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Interviews

Sheila Jordan: A Life of Honest Expression

By Published: March 12, 2007

AAJ: It's the '50s and you are in NYC. What happened by now to the poor girl raised in Pennsylvania? What's on her mind?

SJ: I got a job as a secretary and supported myself. Met Duke Jordan and got married to him in 1952... Duke left me in 1955, right after my daughter was born. I lived in Brooklyn with Duke for awhile and then moved to a loft on West 26th street in NYC. I was still studying with Lennie. Duke was away a lot and I kept studying with Lennie and going to the clubs to hear the music. Went to Minton's after hours up in Harlem on the weekends. We would go up there after the clubs closed and stay until eight or nine in the morning. Everyone came to those sessions. It was fantastic.

AAJ: It took you some time to start singing in the clubs. Was it hard for you to be accepted?

SJ: I got a job in a Greenwich Village club called the Page Three. It paid six dollars a night and by the time I paid for the cab (two bucks) and the baby sitter (two bucks) I had two bucks for me. I wasn't doing it for the money obviously. It was a place to try out material and work on my music with the presence of an audience. I had other gigs too but a lot of the club owners were more interested in what you looked like than anything else. I didn't like those places so they didn't last long for me. The Page Three I stayed at for a good six years, working on Monday and Tuesday nights. It was my salvation from working a nine-to-five job and supporting my little girl. Page Three accepted everything I did. I was referred to as "A New Note in Jazz."

AAJ: In March 1955 Charlie Parker suddenly dies. Where were you and how did his departure affect you?

SJ: He could have died at my loft because he was there a lot of the time. I was very upset but not surprised in a way. He was really in bad shape mentally and physically. He was such a sweet man... very caring... but the drugs and alcohol made him a different person. When I saw Bird at St. Peter's church lying in his coffin he looked over 60 years old and he was only about 34 at the time. I was totally heartbroken. My hero had fallen prey to this cunning, baffling powerful disease.

AAJ: OK, now we are in 1962, an important year in your career. You record for the first time, with George Russell [The Outer View (Riverside/OJC)], and also make your debut album [Portrait of Sheila (Blue Note)], with Steve Swallow, Barry Galbraith and Denzil Best. Who or what opened you those two important doors, specially the second one, considering Alfred Lion produced very few vocal albums for this label?

SJ: George Russell was teaching the pianist, Jack Reilly at the time, and Jack played piano at the Page Three on Monday nights. George came in to hear Jack and heard me. He introduced himself and asked me where I came from to sing like that. I told him I originally came from the coal mines in Pennsylvania. He said he would like to see that area and would I take him back there. We arranged to go to Summerhill, Pa. My grandmother was still alive and she took us down to the beer garden in Scoopy Town (nickname for Ehrenfield, Pa.).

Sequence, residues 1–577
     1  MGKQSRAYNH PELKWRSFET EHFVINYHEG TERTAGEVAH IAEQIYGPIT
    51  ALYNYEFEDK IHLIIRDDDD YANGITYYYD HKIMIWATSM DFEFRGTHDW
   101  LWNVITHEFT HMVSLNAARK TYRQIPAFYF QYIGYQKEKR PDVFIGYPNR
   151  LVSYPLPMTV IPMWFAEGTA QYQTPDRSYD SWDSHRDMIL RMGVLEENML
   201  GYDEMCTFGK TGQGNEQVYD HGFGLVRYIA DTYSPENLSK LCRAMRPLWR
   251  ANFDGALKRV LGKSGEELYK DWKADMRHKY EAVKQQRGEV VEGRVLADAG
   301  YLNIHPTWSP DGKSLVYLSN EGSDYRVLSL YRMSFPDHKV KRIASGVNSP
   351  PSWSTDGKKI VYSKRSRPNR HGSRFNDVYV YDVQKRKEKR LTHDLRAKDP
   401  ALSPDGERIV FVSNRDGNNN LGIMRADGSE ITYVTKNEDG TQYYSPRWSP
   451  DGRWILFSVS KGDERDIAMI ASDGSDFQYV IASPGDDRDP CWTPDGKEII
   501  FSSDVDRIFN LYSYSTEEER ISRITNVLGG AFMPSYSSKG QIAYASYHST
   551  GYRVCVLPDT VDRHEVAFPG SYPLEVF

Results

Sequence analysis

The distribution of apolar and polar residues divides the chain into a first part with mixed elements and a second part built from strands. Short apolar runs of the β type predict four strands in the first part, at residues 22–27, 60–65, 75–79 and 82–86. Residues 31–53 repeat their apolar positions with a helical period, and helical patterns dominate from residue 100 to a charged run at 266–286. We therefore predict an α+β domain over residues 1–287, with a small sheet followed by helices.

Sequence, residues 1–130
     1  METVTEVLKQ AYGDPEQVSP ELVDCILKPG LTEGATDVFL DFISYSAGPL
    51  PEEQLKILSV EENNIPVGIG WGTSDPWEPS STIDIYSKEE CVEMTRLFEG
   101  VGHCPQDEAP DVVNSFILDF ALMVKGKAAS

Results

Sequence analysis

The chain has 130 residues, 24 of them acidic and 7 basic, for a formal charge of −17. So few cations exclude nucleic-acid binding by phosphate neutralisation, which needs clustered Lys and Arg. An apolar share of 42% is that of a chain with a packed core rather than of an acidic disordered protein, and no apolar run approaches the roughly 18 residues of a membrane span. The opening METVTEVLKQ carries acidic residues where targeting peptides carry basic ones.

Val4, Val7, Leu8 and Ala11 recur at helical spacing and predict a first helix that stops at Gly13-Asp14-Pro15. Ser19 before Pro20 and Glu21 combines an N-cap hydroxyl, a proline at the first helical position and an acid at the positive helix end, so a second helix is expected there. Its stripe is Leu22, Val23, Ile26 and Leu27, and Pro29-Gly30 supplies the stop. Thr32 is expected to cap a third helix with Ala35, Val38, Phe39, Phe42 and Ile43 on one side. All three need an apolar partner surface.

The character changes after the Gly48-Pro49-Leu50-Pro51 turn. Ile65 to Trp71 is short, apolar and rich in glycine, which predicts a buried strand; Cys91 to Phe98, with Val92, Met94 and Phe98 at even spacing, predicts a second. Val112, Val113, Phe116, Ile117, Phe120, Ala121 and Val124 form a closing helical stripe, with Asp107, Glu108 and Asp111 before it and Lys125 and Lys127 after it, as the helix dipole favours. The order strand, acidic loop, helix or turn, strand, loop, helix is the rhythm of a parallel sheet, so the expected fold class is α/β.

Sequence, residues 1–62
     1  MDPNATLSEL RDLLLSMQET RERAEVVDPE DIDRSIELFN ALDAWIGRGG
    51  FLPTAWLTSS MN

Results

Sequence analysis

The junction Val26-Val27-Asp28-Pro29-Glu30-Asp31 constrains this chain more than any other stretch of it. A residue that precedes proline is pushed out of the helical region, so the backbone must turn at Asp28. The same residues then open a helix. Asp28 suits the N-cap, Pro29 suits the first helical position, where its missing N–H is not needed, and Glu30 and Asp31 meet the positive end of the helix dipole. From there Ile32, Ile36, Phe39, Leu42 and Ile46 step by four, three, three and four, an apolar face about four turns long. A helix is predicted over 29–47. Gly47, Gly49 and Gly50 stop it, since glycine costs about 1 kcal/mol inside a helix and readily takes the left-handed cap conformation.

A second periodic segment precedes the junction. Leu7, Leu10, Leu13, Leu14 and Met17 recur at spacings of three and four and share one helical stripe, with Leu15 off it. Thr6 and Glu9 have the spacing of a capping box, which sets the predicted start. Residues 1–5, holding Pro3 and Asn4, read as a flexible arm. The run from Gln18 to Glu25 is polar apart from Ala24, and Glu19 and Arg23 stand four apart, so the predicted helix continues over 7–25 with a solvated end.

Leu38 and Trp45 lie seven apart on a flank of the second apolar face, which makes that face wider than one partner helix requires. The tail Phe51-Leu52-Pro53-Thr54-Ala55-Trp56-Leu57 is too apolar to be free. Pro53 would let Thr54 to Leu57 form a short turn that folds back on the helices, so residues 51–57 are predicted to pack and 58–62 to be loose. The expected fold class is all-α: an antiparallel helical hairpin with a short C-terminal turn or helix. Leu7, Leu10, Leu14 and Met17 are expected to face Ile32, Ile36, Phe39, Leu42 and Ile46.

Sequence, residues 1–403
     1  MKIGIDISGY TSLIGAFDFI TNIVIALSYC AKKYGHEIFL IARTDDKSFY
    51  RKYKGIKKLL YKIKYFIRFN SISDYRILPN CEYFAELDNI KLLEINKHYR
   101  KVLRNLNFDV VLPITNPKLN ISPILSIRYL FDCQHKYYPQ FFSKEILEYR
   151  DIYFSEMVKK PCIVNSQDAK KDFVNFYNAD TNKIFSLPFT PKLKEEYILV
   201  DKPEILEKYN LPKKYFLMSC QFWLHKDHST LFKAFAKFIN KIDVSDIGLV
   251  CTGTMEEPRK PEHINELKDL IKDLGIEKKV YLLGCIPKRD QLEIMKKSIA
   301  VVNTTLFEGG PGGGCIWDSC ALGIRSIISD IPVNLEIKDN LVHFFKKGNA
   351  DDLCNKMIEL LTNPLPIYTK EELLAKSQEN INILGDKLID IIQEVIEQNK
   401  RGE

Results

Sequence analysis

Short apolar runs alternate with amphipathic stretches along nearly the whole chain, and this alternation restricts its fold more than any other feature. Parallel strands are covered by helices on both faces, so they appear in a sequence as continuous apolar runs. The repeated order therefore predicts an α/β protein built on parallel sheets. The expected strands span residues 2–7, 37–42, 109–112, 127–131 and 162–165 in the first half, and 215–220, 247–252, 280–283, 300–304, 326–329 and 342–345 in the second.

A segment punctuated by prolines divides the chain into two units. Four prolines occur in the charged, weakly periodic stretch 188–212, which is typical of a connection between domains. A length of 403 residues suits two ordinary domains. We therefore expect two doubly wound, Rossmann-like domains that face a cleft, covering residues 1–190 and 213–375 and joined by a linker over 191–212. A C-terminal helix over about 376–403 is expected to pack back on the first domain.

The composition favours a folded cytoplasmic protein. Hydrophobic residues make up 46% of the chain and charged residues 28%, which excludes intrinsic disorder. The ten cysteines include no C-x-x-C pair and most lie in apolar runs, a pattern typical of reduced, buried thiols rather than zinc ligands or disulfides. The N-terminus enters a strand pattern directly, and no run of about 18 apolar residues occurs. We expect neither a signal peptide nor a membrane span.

We had some drinks at the bar, and my grandmother was bragging about us being big-time musicians from New York. There was an old coal miner at the bar and he said, "Oh really Jeanie (my nickname back there). Well do you still sing 'You are My Sunshine'?" I said, "Oh no, I don't sing that anymore." George said, "Let's play it and sing it for him. So we did. My grandmother didn't like the way George played it so she pushed him off the piano bench and played and I sang it.



George and I came back to NYC and a couple of weeks later George called me up and said can you come down to my apartment. I have something I want you to hear. I went down and he played this unbelievable intro... Then after he finished he said, "Sing, and I said, "Sing what? He said, "Sing 'You are My Sunshine.' I said, "Alone, with no music? He said, "Yes." So I sang it and he went to Riverside with the band and we recorded it.



It was the first time a singer had sung without accompaniment to my knowledge. It really surprised the jazz world when they heard it. Then he paid for me to do a demo of regular songs I had been singing at the Page Three. He took it to Blue Note and Prestige. Quincy Jones was the A&R man at Prestige at the time. But Blue Note picked it up and recorded me. I was the first singer to record on that label. Thanks to George and Ruth Lions (who later married Alfred Lions and was a singer at the Page Three at the time), Alfred came to hear me. The rest is history. Portrait of Sheila, with George's input on the rhythm section which was guitar, bass and drums.



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